Iran two years from building nuclear weapon: IISS
Iran would need at least two years to produce its first nuclear weapon but is not involved in an all-out "crash effort" to build a bomb, a respected think tank said Thursday.
In a new report analysing the available evidence, the International Institute for Strategic Studies (IISS) said it believed the timescale should give more time to international efforts to negotiate a solution.
The report by the London-based body said Iran's nuclear capability had been growing "inexorably" for 25 years and its claim to be pursuing the programme purely for civilian energy purposes was "not credible".
But "the endeavour has not been a crash effort akin to America's Manhattan Project, which produced two kinds of nuclear weapons in three and a half years, or Pakistan's nuclear bomb project, which reached the nuclear-weapons threshold about 11 years after launching an enrichment programme," it said.
The report added: "If Iran wanted to produce the fissile material for a weapon as soon as possible, it could have moved more quickly."
However, it notes that: "Overall, Iran's leaders have tried to keep their presumed weapons intentions ambiguous."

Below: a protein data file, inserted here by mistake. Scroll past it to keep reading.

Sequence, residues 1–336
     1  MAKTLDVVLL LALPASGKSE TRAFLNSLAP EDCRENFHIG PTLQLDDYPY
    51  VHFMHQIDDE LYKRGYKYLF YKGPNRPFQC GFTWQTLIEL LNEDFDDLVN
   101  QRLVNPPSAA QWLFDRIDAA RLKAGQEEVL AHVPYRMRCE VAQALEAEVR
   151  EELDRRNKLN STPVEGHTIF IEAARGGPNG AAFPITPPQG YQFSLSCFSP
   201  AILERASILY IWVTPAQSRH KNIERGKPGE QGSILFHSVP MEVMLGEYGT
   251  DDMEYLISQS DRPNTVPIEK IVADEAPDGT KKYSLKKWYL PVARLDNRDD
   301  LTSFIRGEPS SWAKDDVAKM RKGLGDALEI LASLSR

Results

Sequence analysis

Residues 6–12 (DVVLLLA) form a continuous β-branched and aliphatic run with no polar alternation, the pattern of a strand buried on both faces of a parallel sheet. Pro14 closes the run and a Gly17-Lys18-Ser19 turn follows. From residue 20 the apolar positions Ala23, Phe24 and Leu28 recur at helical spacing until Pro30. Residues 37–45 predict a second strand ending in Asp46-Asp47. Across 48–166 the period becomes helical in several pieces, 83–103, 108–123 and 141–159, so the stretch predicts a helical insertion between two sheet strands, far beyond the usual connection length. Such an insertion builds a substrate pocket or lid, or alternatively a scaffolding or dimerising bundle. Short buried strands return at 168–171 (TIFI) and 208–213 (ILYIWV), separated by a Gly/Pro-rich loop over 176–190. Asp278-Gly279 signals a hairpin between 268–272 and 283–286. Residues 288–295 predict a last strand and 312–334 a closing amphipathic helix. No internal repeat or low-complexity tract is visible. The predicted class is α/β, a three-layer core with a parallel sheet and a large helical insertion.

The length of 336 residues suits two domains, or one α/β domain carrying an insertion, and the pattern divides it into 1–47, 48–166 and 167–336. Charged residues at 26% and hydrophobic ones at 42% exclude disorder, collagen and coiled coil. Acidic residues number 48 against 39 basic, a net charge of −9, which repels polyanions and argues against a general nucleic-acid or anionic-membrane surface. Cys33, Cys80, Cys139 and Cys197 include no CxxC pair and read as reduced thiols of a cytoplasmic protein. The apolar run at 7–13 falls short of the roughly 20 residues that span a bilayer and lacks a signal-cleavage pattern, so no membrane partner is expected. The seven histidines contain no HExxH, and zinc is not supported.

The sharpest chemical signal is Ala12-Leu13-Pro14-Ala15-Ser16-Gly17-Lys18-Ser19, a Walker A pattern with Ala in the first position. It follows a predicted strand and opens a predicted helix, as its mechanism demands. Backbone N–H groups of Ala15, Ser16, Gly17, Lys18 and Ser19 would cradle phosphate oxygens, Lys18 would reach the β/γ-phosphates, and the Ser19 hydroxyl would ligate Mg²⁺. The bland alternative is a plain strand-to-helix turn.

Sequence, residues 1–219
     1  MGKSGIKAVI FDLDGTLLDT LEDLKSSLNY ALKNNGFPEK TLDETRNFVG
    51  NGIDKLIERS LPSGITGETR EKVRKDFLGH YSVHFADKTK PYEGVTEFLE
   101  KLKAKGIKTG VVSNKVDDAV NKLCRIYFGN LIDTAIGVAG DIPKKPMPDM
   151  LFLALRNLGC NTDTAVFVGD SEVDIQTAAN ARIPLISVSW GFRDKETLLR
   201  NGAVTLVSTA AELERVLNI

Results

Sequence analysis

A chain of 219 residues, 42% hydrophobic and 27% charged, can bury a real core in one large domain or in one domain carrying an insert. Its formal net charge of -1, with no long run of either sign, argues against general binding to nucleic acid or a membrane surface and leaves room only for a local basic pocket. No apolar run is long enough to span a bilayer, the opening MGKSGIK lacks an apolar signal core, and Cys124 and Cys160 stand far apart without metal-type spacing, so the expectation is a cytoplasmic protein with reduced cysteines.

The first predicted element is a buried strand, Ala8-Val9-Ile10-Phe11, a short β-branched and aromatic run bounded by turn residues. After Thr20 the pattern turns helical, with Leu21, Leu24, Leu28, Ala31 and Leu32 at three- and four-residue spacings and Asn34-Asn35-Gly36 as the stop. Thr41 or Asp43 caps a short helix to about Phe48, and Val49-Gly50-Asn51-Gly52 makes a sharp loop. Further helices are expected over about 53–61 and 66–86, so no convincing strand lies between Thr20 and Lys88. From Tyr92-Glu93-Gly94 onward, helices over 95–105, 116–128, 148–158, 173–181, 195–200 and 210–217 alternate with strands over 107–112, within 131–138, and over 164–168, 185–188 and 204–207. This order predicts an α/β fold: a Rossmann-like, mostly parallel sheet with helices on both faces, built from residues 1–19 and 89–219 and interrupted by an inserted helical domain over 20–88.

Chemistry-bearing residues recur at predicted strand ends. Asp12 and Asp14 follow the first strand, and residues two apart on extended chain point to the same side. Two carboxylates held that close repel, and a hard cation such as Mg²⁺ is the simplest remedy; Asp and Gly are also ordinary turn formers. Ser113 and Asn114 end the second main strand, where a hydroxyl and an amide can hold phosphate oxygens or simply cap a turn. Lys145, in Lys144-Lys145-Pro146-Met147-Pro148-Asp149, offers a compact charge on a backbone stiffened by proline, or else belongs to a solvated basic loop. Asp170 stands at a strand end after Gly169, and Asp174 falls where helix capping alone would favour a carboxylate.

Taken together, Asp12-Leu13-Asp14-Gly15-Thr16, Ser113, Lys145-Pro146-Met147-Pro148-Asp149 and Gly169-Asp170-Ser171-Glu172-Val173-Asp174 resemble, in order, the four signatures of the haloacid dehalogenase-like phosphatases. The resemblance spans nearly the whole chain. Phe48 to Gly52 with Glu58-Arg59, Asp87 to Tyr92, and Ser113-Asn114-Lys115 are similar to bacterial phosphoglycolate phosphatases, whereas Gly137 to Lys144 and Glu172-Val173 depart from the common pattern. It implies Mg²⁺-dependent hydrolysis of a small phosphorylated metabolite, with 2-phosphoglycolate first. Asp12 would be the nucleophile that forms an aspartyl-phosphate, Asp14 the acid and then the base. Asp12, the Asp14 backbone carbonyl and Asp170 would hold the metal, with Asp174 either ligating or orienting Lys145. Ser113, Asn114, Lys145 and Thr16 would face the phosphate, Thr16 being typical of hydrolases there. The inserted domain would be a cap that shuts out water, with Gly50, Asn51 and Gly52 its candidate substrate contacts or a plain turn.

IISS director general and chief executive John Chipman said the analysis, conducted by former US State Department official and non-proliferation expert Mark Fitzpatrick, backed up "the more relaxed timelines" voiced recently in the United States and Israel.
And he stressed: "The timescale is significant because the likelihood of detection allows time for a negotiated solution."
The report added: "If it (Iran) does decide to build nuclear weapons, this would likely be detected before it assembled a single weapon, much less the small arsenal that would be needed to make the risk worthwhile.
"An Iranian nuclear weapon is therefore not inevitable."
Last month, Israel's military intelligence chief, Brigadier General Aviv Kochavi, said Iran was not currently working on producing a nuclear weapon but could make one within "a year or two" of taking such a decision.
Recently, several senior Israeli officials, including the former head of the Mossad intelligence agency, Meir Dagan, have said Iran is unlikely to acquire nuclear weapons before 2015.
Last June, CIA director Leon Panetta warned Iran had enough low-enriched uranium for two weapons, but would need a year to enrich it fully to produce a bomb and another year to develop the weapons system needed to make it viable.
© 2011 AFP